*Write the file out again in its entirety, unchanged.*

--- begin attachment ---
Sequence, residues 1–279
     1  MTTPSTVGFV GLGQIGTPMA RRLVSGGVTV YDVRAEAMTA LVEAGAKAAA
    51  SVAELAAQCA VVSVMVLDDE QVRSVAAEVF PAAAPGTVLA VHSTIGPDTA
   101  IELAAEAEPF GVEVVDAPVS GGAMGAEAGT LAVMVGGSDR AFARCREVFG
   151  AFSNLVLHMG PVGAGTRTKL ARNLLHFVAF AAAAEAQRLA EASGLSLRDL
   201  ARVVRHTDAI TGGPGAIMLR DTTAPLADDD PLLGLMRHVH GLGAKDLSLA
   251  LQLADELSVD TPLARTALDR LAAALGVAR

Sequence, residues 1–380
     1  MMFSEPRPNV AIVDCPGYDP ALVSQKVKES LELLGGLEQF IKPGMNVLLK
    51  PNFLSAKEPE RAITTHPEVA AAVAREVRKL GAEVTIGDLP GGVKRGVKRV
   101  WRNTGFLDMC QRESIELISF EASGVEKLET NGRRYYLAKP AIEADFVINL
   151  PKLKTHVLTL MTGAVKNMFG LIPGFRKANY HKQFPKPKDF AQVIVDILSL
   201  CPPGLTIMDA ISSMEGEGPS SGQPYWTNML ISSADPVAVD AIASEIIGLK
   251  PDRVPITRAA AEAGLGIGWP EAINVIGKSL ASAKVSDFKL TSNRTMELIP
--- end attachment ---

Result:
Sequence, residues 1–279
     1  MTTPSTVGFV GLGQIGTPMA RRLVSGGVTV YDVRAEAMTA LVEAGAKAAA
    51  SVAELAAQCA VVSVMVLDDE QVRSVAAEVF PAAAPGTVLA VHSTIGPDTA
   101  IELAAEAEPF GVEVVDAPVS GGAMGAEAGT LAVMVGGSDR AFARCREVFG
   151  AFSNLVLHMG PVGAGTRTKL ARNLLHFVAF AAAAEAQRLA EASGLSLRDL
   201  ARVVRHTDAI TGGPGAIMLR DTTAPLADDD PLLGLMRHVH GLGAKDLSLA
   251  LQLADELSVD TPLARTALDR LAAALGVAR

Sequence, residues 1–380
     1  MMFSEPRPNV AIVDCPGYDP ALVSQKVKES LELLGGLEQF IKPGMNVLLK
    51  PNFLSAKEPE RAITTHPEVA AAVAREVRKL GAEVTIGDLP GGVKRGVKRV
   101  WRNTGFLDMC QRESIELISF EASGVEKLET NGRRYYLAKP AIEADFVINL
   151  PKLKTHVLTL MTGAVKNMFG LIPGFRKANY HKQFPKPKDF AQVIVDILSL
   201  CPPGLTIMDA ISSMEGEGPS SGQPYWTNML ISSADPVAVD AIASEIIGLK
   251  PDRVPITRAA AEAGLGIGWP EAINVIGKSL ASAKVSDFKL TSNRTMELIP